Jazz lovers look forward to the third weekend of September in much the same manner that Indy car race fans anticipate Memorial Day, lovers can’t wait for Valentine’s Day and children pine for Christmas Day. For them, the Monterey Jazz Festival is all those holidays…and more.
It’s a feast for the senses—not just the ears. The aromas and flavors from the exotic offerings of the food booths and the sights of the dressed-to-the-nines crowd comingle with the sounds of the distinctly American music called jazz played by the world’s finest practitioners of the art to create an unequalled sensory delight.
Even the venue is special: The Monterey County Fair and Event Center has played host to a Who’s Who of the musical world, from Jimi Hendrix to Dave Brubeck, from Bob Dylan to Ella Fitzgerald, from The Who to Herbie Hancock, from Gladys Knight to Dizzy Gillespie. This year marks the 59th outing of the world’s longest continuously running jazz festival and the lineup is, as always, stellar.
Two American musical legends will be honored with tributes on the Jimmy Lyons Stage. First up is a “Tribute to Quincy Jones: ‘The A&M Years.’” This all-star cast will be led by musical director, bassist, composer and bandleader Christian McBride and conductor John Clayton. Special guest performers include many who have recorded and performed with Jones: saxophonist James Carter, pianist/composer Dave Grusin, guitarist Paul Jackson, Jr., trumpeter Sean Jones, flutist Hubert Laws, harmonica man Gregoire Maret, vocalists Valerie Simpson and Richard Bona, pianist Alfredo Rodriguez, and drummer Lewis Nash & The Monterey Jazz Festival Orchestra. Jones’ tribute closes Friday evening’s show, starting at 10:10pm.
Ray Charles packed a lot of music into his 74 years. Blind from the age of 7, he carved a niche in the music world that was uniquely his and along the way, influenced a few generations of performers who followed him such as Elvis Presley, Billy Joel, Aretha Franklin and Stevie Wonder.
“The hit records he made for Atlantic in the mid-1950s mapped out everything that would happen to rock ‘n’ roll and soul music in the years that followed,” said Rolling Stone music editor Joe Levy. One wouldn’t think of psychedelic rock band Pink Floyd owing a debt to Charles, but that band’s principal songwriter, vocalist and bassist Roger Waters once told a reporter: “I was about 15. In the middle of the night with friends, we were listening to jazz. It was “Georgia on My Mind”—Ray Charles’ version. Then I thought, ‘One day, if I make some people feel only one twentieth of what I am feeling now, it will be quite enough for me.’”
This tribute is led by saxophonist Maceo Parker, a legend in his own right. Indeed, Charles was one of his earliest influences. He joined the James Brown Band in 1964, contributing solos to all the iconic hits Brown churned out in that decade. In the 1970s, he kept up the funk, working with Parliament/Funkadelic, and on and off with Brown until 1988. He has enjoyed a successful solo career since the 1990s.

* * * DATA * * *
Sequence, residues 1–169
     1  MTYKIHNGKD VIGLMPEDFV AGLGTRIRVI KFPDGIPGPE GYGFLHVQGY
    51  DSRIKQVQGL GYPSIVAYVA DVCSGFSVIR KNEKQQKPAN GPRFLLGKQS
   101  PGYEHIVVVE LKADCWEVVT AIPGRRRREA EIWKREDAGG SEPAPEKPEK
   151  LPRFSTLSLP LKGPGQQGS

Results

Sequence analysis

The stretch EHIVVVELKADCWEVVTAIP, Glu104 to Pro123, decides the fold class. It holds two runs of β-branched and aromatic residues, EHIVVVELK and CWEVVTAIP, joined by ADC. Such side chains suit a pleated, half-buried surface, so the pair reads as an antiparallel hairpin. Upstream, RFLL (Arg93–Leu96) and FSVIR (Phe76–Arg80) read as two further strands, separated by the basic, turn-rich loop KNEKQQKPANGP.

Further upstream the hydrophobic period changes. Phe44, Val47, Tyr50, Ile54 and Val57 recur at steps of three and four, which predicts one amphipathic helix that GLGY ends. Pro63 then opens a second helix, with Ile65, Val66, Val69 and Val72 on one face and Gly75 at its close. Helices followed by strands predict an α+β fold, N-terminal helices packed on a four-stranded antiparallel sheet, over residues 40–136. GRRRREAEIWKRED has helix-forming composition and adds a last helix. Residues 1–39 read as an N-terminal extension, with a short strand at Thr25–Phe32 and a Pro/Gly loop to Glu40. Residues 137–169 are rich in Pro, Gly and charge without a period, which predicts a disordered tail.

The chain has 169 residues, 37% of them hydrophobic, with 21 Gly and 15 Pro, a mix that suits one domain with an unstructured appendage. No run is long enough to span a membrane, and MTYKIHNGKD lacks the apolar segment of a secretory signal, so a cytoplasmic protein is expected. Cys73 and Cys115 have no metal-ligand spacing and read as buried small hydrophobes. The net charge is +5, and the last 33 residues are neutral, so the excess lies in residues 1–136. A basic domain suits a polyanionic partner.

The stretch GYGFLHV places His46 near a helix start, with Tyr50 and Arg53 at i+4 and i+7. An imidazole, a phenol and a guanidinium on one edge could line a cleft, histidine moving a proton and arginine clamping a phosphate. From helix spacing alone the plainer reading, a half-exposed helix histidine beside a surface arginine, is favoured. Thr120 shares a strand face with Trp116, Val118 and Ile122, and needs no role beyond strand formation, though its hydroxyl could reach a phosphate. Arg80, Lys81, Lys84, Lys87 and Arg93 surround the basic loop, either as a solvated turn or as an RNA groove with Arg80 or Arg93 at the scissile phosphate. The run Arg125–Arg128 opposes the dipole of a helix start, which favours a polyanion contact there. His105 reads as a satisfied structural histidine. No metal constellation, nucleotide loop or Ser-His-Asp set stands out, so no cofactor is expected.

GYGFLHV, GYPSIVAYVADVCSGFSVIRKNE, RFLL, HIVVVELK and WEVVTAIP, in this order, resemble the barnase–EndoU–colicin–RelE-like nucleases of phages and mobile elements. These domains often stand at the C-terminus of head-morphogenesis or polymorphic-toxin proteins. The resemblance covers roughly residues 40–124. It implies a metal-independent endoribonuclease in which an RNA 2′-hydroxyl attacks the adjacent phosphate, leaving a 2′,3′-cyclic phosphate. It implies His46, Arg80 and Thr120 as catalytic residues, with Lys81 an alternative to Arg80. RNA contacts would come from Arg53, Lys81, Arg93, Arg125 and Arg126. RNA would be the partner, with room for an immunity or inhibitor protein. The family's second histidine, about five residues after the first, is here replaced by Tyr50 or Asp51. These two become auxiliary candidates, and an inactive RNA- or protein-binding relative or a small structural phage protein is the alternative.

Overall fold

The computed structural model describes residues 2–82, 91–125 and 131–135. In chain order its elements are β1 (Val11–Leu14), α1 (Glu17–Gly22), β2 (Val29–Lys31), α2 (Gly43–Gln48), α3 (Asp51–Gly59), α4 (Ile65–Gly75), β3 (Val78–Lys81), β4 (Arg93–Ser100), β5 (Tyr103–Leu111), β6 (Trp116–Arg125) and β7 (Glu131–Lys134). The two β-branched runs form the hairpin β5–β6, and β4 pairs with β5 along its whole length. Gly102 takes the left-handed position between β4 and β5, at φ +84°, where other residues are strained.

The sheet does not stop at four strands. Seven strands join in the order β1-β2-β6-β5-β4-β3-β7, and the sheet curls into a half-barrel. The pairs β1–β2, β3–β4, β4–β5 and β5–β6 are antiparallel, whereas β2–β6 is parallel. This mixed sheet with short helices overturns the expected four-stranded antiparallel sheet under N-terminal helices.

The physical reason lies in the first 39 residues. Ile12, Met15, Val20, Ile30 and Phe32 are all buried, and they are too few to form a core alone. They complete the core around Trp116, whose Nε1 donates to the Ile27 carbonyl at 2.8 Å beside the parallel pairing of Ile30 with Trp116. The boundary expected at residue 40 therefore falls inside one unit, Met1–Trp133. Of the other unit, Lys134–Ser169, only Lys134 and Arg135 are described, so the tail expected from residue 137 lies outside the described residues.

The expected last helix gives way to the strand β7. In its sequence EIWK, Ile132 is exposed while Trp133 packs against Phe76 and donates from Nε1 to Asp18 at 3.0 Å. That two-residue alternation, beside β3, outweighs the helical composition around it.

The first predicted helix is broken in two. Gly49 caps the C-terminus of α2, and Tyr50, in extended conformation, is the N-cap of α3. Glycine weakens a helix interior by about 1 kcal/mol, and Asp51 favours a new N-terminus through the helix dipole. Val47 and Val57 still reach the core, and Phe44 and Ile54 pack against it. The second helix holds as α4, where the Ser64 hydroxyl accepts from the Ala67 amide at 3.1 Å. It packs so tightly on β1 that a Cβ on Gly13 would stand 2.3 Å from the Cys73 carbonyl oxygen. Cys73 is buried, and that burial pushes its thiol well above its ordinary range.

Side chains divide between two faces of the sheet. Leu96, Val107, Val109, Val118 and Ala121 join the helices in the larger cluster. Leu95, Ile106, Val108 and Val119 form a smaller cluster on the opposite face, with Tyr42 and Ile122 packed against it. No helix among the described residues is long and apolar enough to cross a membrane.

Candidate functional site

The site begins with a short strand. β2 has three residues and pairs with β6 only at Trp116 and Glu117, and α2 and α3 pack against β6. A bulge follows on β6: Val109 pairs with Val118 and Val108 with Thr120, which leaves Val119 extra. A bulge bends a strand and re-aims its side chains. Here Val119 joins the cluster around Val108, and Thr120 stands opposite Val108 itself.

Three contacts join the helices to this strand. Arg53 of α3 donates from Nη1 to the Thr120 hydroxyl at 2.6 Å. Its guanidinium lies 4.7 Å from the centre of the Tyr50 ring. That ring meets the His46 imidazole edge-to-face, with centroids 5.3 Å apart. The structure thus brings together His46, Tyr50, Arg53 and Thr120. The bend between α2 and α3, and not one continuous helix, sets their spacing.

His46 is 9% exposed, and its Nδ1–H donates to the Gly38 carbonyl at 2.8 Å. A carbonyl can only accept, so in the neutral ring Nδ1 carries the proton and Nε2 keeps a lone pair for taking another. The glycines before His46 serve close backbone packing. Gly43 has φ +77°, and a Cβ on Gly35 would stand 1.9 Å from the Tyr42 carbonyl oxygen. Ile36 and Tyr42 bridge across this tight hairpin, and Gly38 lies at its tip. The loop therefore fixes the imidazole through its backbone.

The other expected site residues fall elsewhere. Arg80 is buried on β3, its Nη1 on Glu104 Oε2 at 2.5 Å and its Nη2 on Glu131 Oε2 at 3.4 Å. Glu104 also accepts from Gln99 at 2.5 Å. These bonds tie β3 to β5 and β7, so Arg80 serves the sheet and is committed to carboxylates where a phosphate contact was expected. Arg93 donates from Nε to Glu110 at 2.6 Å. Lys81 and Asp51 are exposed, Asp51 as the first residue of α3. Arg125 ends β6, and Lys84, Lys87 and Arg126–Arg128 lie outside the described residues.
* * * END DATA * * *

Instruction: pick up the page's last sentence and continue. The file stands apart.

Providing those backup harmonies essential to the Ray Charles sound will be the Raelettes, the girl group—with a changing cast of singers—he first enlisted in the 1950s. The tribute also features the Ray Charles Orchestra. Downbeat is at 3:30pm Saturday on the Jimmy Lyons Stage.
Year in and year out, one of the best bargains in music is the Monterey Jazz Festival grounds admission ticket. For $47 on Friday, $57 for Saturday or Sunday or $137 for the full three days ($22/$52 for youths 3-18), ticketholders get continuous music on seven stages.
Although admission to the main arena is not included, many of the artists who perform on the Jimmy Lyons Stage also play on one of the grounds stages. These include drummer Brian Blade and bassists Christian McBride and John Patitucci. Of course, as regular festival attendees know, there are always lots of surprises—one never knows who might show up on a stage to sit in.
For a complete list of performances and to purchase tickets, visit www.montereyjazz.org.
On Bass with John Patitucci
Bassist par excellence John Patitucci is no stranger to the Monterey Jazz Festival—or the Monterey area itself, it turns out. “I spent some time in California in high school and college,” he says. “My brother lives in the Bay Area, as does one of my early mentors, Chris Toehler. I have a lot of roots in that area. I’d say it was my second home.” Though born and raised in Brooklyn, when he’s not touring the world with Wayne Shorter or his own ensembles, Patitucci hangs his hat in Westchester, New York.
He’s played the festival several times, with Chick Corea’s Akoustic Band (1991, 1995), Wayne Shorter (2000, 2008) and his own trio plus Joe Lovano and John Scofield (2009). He returns this year to play with the Wayne Shorter Quartet, who is this year’s MJF Commission Artist. Also on stage to perform Shorter’s piece “The Unfolding” will be pianist Danilo Perez, drummer Brian Blade and the Monterey Jazz Festival Wind Ensemble, conducted by Nicole Paiement. “That’s going to be exciting,” the bassist says. “I haven’t seen the piece yet, but this band is used to how Wayne works. We just read it, rehearse it and perform it. A lot of times with these big commission pieces, we craft our parts by looking at the score. We craft our parts around what’s written.”
The Wayne Shorter Quartet performs “The Unfolding” Sunday at 7pm on the Jimmy Lyons Stage.
Patitucci will also play Saturday at 7pm on the Night Club stage with his Electric Guitar Quartet, consisting of guitarists Adam Rogers and Steve Cardenas and drummer Brian Blade.
Learn more at www.johnpatitucci.com.